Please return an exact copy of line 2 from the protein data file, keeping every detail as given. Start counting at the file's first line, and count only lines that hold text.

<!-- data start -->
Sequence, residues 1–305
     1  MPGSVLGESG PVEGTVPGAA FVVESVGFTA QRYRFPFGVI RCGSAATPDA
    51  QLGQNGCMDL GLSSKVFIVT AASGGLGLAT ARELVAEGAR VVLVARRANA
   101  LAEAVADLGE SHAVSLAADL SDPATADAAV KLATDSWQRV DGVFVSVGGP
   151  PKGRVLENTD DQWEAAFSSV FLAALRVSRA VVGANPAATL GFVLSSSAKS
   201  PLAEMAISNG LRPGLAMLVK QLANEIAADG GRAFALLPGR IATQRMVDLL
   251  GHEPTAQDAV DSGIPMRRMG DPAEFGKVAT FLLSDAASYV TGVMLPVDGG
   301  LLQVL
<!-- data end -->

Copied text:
     1  MPGSVLGESG PVEGTVPGAA FVVESVGFTA QRYRFPFGVI RCGSAATPDA